Fact or fad? The rise in food intolerances and dietary requirements

Fact or fad? The rise in food intolerances and dietary requirements

A few years ago, someone with a restrictive diet would have a hard time finding suitable restaurant fare in Australia. But recently, we’ve seen a spike in dietary-friendly food options across most major cities and even some smaller towns.

Terms that used to be met with confusion or disdain (e.g. vegan, coeliac, low FODMAP) are now widely recognised and frequently used on menus and food labels throughout the country.

When you consider the statistics, it’s easy to see why.

Australia has one of the highest allergy rates in the world, with Melbourne leading the way – and that’s only accounting for diagnosed allergies.

If we included all those with self-diagnosed sensitivities or intolerances, the rates would be much higher.

A CSIRO study from 2016 shows that one in three Australians have eliminated meat, dairy or gluten from their diet on their own accord.

But what still remains fuzzy is whether food allergies and intolerances are actually becoming more common or if we’re simply more aware of them.

To answer this question, we must first distinguish the two terms.

Allergy vs intolerance: what’s the difference?


Nutritionist Samantha Gemmell said that allergies are reactions caused by the immune system. They can range in severity and can manifest in a number of physical responses, from hives to anaphylaxis.

Symptoms typically occur immediately after eating the food, so they are easy to identify.

Intolerance or sensitivity

According to Ms Gemmell, intolerances or sensitivities are essentially the same thing: reactions that occur in the digestive tract. They occur when you aren’t able to digest or process a particular food or a chemical within it.

Unlike allergies, symptoms of intolerance can take up to 48 hours to present themselves.

They can vary from food to food and person to person, but often include the following:

  • Bloating or cramping
  • Constipation, gas or diarrhoea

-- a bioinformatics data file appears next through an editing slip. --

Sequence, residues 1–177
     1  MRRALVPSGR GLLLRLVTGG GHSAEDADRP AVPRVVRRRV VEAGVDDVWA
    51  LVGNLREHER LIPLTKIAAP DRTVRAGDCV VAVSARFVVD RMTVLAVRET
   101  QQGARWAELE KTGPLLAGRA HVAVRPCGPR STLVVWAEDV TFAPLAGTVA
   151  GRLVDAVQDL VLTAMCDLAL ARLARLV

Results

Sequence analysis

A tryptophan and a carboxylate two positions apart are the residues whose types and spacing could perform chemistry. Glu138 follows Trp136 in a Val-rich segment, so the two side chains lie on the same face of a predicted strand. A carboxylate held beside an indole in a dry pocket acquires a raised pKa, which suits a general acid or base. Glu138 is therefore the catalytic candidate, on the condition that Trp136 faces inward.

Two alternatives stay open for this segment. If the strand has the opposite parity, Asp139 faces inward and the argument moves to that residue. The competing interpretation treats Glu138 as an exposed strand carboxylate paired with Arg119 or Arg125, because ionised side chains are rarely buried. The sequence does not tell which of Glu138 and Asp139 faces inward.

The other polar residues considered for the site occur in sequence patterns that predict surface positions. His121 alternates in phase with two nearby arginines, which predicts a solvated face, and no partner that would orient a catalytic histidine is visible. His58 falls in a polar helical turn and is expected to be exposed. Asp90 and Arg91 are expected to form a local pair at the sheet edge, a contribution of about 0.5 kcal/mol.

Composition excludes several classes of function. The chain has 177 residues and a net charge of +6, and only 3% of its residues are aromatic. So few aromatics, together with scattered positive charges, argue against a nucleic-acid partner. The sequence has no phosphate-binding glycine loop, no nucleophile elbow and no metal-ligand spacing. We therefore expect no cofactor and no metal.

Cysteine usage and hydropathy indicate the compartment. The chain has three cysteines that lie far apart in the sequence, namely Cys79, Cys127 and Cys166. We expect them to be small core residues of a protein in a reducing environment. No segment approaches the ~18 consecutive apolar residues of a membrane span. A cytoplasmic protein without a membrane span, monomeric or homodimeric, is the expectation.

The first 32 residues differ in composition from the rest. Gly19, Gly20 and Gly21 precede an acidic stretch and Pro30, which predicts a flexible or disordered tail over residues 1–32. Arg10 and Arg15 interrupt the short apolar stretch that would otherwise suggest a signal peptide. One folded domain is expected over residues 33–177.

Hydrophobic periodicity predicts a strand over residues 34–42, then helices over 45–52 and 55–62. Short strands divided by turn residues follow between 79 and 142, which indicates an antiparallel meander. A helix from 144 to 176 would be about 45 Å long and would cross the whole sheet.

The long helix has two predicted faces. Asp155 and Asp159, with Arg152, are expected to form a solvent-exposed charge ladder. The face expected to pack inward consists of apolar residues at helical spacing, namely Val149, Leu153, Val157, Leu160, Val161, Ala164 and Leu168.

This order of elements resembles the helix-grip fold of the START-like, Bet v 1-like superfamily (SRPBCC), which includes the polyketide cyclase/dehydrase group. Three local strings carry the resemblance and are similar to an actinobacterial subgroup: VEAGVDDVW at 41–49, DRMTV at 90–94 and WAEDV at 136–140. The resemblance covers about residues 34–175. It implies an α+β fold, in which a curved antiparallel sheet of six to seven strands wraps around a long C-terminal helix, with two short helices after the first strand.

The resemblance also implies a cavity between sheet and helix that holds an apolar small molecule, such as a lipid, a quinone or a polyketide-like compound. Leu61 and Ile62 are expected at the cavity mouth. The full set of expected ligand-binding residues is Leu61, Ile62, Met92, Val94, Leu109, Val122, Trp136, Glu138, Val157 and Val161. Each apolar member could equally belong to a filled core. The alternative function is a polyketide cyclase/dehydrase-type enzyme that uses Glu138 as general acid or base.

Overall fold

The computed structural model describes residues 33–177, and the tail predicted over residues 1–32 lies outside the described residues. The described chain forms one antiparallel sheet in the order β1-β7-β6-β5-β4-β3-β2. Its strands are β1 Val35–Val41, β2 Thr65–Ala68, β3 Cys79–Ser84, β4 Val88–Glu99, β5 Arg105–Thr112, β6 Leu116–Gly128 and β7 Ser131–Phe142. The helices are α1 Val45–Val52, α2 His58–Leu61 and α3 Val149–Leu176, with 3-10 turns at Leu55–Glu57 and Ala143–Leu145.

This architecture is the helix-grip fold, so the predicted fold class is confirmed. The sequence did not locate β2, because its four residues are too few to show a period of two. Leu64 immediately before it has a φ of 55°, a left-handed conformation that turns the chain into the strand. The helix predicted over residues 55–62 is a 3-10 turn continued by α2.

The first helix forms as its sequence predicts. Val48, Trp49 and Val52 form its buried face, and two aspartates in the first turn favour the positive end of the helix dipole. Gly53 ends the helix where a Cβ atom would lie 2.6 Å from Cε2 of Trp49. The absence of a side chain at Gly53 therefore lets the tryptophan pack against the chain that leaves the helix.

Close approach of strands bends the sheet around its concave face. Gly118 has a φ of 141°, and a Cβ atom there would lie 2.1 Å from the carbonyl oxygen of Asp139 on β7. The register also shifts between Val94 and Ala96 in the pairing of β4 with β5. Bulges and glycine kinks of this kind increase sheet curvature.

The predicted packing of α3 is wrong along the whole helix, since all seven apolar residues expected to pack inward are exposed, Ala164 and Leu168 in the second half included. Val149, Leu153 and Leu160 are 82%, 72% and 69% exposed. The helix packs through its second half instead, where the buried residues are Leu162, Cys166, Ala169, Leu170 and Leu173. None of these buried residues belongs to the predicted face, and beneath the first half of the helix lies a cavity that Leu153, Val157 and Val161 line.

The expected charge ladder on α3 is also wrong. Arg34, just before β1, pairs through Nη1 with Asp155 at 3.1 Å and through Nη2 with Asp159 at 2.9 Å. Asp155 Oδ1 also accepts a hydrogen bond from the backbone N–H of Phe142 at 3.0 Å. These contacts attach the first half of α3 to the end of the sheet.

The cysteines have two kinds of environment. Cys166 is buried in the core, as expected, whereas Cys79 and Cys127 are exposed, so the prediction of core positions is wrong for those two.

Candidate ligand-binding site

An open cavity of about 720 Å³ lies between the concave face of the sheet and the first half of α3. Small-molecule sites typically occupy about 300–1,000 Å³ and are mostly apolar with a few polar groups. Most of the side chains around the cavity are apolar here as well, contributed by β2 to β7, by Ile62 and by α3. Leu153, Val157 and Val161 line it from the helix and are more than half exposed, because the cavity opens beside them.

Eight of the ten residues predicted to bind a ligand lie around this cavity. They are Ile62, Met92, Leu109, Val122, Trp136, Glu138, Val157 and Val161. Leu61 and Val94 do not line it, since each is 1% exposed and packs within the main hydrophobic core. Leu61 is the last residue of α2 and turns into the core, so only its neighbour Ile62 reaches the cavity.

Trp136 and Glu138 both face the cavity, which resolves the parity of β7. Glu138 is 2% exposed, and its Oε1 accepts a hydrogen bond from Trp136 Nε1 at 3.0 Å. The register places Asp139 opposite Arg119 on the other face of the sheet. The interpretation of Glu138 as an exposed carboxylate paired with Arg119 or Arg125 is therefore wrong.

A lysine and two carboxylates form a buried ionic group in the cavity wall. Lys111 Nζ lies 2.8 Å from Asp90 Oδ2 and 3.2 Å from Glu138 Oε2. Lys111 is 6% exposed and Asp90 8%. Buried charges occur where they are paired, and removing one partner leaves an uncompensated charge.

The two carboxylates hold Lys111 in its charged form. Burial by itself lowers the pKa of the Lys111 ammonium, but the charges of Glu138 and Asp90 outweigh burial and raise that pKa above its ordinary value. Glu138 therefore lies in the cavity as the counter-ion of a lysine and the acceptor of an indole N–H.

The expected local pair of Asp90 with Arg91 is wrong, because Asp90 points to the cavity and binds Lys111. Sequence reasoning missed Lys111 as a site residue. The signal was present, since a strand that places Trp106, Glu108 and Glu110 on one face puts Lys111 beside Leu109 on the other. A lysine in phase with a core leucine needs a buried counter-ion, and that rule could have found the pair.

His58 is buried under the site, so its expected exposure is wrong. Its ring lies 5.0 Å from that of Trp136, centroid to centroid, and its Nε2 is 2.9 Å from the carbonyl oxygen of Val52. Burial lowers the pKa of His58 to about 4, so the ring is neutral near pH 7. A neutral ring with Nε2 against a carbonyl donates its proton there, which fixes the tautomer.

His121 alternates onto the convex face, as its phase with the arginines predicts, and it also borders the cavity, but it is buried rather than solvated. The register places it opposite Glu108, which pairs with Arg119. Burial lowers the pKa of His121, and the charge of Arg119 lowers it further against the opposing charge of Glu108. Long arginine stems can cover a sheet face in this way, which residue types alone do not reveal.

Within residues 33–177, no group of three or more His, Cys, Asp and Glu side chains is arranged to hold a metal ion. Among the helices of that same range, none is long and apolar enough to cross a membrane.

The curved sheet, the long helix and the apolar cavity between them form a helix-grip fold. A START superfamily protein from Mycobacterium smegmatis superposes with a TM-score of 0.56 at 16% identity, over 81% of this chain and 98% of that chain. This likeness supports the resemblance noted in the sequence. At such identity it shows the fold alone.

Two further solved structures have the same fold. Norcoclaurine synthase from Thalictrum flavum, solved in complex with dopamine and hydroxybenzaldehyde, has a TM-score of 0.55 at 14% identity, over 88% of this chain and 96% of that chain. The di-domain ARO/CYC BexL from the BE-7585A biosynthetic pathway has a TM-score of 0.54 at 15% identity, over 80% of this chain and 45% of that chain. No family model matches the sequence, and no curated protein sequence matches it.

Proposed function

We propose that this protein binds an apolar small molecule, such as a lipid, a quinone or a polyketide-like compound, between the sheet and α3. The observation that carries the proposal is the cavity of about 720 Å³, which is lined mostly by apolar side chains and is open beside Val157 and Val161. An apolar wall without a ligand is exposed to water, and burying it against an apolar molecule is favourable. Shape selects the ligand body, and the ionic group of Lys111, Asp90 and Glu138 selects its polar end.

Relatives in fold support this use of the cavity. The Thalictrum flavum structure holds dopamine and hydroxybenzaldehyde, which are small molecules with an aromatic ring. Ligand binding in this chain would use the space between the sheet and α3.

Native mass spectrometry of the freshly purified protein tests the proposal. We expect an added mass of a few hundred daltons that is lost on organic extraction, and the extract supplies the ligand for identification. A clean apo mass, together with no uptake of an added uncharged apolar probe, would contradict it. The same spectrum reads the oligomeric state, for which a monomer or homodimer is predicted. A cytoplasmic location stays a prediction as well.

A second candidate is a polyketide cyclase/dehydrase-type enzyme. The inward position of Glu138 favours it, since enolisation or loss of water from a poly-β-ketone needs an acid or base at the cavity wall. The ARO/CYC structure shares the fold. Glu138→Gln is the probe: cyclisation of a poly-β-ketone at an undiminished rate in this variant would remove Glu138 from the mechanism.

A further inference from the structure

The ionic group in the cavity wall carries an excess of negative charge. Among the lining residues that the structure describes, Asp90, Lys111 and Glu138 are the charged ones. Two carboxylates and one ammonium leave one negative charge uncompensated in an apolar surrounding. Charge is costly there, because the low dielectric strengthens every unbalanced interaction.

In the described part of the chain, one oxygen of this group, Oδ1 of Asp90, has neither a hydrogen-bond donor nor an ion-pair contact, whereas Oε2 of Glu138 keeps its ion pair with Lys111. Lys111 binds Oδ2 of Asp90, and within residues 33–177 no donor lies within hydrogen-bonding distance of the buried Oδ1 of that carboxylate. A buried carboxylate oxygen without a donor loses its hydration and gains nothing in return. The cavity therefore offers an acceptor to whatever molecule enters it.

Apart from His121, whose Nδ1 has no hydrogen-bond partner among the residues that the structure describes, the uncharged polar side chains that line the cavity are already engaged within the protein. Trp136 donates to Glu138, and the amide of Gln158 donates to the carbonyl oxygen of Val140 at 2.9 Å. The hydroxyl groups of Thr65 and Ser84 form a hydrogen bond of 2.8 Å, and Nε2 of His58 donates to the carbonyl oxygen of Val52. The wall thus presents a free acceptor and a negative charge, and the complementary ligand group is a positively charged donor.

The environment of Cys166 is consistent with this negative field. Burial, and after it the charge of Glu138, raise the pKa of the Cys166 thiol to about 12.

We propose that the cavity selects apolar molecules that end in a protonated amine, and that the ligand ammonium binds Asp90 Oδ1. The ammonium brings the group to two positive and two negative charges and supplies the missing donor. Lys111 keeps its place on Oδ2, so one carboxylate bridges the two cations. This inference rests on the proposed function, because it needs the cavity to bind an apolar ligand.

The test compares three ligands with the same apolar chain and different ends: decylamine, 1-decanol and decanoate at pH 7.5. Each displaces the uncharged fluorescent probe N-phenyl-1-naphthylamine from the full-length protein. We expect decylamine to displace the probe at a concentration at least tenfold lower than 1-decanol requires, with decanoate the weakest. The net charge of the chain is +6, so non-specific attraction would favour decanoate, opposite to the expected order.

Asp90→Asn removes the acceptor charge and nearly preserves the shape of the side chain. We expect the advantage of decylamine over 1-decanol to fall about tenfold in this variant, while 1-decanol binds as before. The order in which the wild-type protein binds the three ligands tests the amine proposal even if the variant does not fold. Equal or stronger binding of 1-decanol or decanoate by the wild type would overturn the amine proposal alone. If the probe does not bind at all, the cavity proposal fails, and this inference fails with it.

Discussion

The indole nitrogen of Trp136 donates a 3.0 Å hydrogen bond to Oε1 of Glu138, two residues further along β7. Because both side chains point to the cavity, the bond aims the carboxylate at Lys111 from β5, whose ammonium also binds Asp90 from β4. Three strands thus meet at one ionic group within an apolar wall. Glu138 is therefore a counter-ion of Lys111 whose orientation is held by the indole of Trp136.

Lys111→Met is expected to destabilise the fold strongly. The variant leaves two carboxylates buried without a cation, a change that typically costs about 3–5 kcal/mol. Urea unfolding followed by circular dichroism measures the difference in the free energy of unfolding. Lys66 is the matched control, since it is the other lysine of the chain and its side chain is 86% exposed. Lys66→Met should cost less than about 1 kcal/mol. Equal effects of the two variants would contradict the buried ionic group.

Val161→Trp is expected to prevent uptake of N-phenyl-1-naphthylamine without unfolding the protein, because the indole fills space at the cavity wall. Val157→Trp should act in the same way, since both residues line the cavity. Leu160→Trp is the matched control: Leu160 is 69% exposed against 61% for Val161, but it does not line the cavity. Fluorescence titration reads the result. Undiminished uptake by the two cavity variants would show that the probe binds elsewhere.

• Headaches
  • Irritability or mood swings
  • Lethargy
  • Brain fog.

While allergies are more recognisable, diagnosable and easier to tackle, the same is not true for intolerances, said Kate Save, a practicing dietitian and the CEO and co-founder of Be Fit Food.

“They can be caused by changes in the gut microbiome; they can be caused by stress. It’s not always a particular food or food group,” Ms Save said.

For that reason, it’s particularly important that those showing symptoms receive professional assessment before people try to eliminate food groups from their diet.

“When people cut out whole food groups, they compromise other areas of the diet,” Ms Save said.

“As boring as it is, balance and moderation is honestly the key to improving any dietary intolerance.”

Fact or fad? The rise in food intolerances and dietary requirements

Food intolerances can cause gut issues like stomach cramps and bloating.

There is no ‘one-solution-fits-all’

Ms Save said that “a lot of people want a label so they can justify not eating certain things”.

As someone with a history of disordered eating, this resonates with me – and I’m not alone.

Females aged 18 – 30 make up nearly half of all Australians who have cut certain foods from their diet which, coincidentally or not, is also the group most at risk for eating disorders.

I’ve seen first-hand that embracing dietary restrictions as a preference, rather than a necessity, can cause more harm than good.

Not only can self-imposed diets result in physical concerns, but they can also take power away from those with diagnosed conditions. Closed-mindedness about the state of someone’s condition can do the same.

Food intolerances and allergies can be difficult to understand for those who haven’t experienced them, but they are no joke.

If you don’t have a food intolerance or allergy yourself but know someone who does, consideration is key. Avoid judgement about someone’s dietary needs, and when dining out, choose restaurants with plenty of dietary-friendly options.

Food is also highly personal; it carries a heavy weight, both physically and socially, and the last thing someone with a dietary restriction wants is to feel isolated.

On the flip side, if you think that you have a food allergy or intolerance, receiving medical attention is the first step. Not only will a doctor be able to diagnose you, but they’ll also help ensure that you receive proper nutritional guidance specifically suited to your needs.

“Every single person has a different microbiome,” Ms Save said.

“Their diet needs to be as individual as their fingerprint. There’s never going to be a one-solution-fits-all.”

Whether you have a food allergy and need to avoid that item at all costs or an intolerance that requires you to handle said food on occasion, a nuanced and personalised approach to diet is the best way to achieve nutritional balance.

Quincy Malesovas

Quincy Malesovas

Quincy Malesovas is a writer based in Melbourne and bred in the United States.

She is passionate about fostering cultural and social awareness through her writing and research. She also hosts an experimental supper club called GRUEL.